The cost of dental implants can be outrageous. The benefits of implants over other dental care, however, can be significant because they can entirely replace your missing teeth while leaving the other teeth intact. If you are interested in dental implants, try these options before ruling them out completely.

Working With Your Dentist
1. Determine what portion of the cost, if any, your insurance will cover. Dental insurance doesn't often cover a large percentage of dental procedure costs, but some plans do cover a fraction of the overall cost. Although it may not be a lot, every penny the insurance company will pay will help in the long run.

2. Discuss your options with your dentist. Let your dentist know if the cost of the dental implants is unattainable for you. Some dental offices that do implants may consider offering you a payment plan that would make the implants more affordable. Approach the payment office at your dentist and see if they allow such plans.

3. Ask your dentist if they discount multiple implants. Some dental offices have packages available to help make implants more affordable for their patients. Inquire if they have packages available, or if they provide discounts with multiple implants.



4. Find a dentist that performs all the steps. Dental implants involve many steps, and many times require both a surgeon and a dentist. If you can find a dentist who performs both the surgical and restorative work, you may save money, and there is one person who takes all the responsibility for the entire procedure, which is really important. You also save time this way because the provider is able to combine the visits.

Finding Alternative Ways to Afford Implants
1. Comparison shop. Before deciding, call around to get quotes from different dentists. You want to make sure you are getting the best quality care for the best price. Don't stop at dentists, though; periodontists and oral surgeons also offer dental implants. Make sure you have looked at all your available options.

2. Try a dental implant center. A dental implant center specializes in this kind of oral surgery. The center might charge less because dental implants are what they do on a regular basis, while your dentist might charge more because it is a special surgery. These centers also usually strive to provide lower treatment cost by having one surgical team to work on your mouth, instead of different specialists who charge separate fees.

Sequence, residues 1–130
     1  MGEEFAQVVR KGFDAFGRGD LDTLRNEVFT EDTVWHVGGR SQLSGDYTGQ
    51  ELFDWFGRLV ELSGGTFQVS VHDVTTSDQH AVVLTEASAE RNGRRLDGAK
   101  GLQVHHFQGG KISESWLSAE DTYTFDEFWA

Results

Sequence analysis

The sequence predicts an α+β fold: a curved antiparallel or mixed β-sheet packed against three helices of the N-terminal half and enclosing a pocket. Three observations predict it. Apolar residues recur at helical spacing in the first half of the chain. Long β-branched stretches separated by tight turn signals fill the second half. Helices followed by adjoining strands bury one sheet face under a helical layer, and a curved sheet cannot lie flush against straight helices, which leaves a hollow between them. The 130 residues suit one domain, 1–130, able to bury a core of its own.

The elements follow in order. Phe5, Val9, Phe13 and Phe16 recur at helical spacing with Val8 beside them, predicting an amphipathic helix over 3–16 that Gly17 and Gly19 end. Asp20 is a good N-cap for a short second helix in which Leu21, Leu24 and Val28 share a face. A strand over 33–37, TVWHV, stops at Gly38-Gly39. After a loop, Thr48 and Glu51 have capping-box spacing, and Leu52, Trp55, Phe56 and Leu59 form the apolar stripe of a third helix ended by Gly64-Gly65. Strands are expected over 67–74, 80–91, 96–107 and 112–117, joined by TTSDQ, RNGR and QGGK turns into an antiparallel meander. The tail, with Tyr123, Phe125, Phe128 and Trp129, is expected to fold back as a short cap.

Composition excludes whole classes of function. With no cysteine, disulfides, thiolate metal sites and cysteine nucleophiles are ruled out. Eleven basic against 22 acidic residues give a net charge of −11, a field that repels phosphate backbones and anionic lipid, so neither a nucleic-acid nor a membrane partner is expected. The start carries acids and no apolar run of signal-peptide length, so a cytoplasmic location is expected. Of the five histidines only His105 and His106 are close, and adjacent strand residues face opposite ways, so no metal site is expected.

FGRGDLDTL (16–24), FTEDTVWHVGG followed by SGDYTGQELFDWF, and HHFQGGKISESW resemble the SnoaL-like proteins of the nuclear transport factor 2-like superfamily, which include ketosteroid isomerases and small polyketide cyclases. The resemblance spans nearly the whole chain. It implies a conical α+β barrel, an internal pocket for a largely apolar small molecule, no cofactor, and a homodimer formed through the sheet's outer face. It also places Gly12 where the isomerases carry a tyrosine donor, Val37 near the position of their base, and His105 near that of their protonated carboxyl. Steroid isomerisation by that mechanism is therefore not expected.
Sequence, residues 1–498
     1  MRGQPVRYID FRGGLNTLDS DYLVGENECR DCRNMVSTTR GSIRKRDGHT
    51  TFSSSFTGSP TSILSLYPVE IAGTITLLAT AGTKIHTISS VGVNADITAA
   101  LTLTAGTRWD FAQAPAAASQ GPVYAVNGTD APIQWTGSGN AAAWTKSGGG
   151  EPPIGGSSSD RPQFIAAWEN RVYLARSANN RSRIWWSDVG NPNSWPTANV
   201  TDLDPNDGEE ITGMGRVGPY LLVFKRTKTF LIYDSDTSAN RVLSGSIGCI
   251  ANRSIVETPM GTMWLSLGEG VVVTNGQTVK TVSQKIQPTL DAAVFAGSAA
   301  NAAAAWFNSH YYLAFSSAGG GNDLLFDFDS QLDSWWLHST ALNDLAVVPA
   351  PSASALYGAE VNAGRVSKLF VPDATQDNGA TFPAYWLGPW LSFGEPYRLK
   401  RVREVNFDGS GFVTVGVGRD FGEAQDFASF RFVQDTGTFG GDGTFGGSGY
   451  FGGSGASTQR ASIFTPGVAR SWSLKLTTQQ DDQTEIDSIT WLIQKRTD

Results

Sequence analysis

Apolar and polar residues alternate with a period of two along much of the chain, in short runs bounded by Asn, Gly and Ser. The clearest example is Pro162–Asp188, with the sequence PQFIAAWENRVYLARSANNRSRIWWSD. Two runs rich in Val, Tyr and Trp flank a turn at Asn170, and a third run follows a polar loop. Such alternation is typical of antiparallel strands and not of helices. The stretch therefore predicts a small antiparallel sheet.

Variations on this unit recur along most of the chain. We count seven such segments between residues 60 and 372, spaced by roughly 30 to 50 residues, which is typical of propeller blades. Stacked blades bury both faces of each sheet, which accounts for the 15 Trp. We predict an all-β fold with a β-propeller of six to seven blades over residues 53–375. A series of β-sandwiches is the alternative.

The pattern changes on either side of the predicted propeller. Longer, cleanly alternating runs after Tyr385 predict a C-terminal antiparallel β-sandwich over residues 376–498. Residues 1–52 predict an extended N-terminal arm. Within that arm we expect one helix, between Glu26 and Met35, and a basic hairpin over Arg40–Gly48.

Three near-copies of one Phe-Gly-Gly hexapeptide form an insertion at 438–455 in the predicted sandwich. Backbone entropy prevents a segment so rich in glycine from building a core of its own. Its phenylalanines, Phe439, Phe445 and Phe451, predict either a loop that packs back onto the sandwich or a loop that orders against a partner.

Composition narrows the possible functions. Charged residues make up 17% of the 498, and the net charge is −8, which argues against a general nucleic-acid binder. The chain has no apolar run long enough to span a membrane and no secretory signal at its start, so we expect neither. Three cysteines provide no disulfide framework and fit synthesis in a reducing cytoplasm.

3. Look into dental schools. Many college and universities have dental schools that provide dental care at reduced costs. Most of these dental schools have recently graduated students working alongside experienced dentists and professors. They may even have better medical equipment, such as computers that they use for guided surgery.

4. Finance your implants. Try health care financing, like CareCredit or Springstone. Some companies offer special financing for health care related costs at no interest or low, fixed interest rates. Usually these financing option require decent credit scores. If your credit score is low, you can get one or two cosigners on the application to get approved.

5. Look into low-income resources. Some organizations offer aid to low-income households who need dental care. Some non-profits and dental associations provide aid to certain demographics, such as people with disabilities, women and children, and others.

6. Get a dental plan. If your insurance doesn't pay for implants, there are dental insurance alternative plans that offer implant coverage. These plans usually require you to use dentists in their network.

7. Look into dental tourism. Dental tourism has become a popular method for high priced dental work. Dental implants are cheaper in other countries, such as Mexico, Hungary, Italy, Costa Rica, and many Asian countries. Sometimes, the same dental implants can cost half of the price it would in the US.

8. Consider making dental implants a top priority. If dental implants are something you really want and need, consider making that a top priority. Instead of buying a new car or taking a vacation, use that money to help pay for your dental health.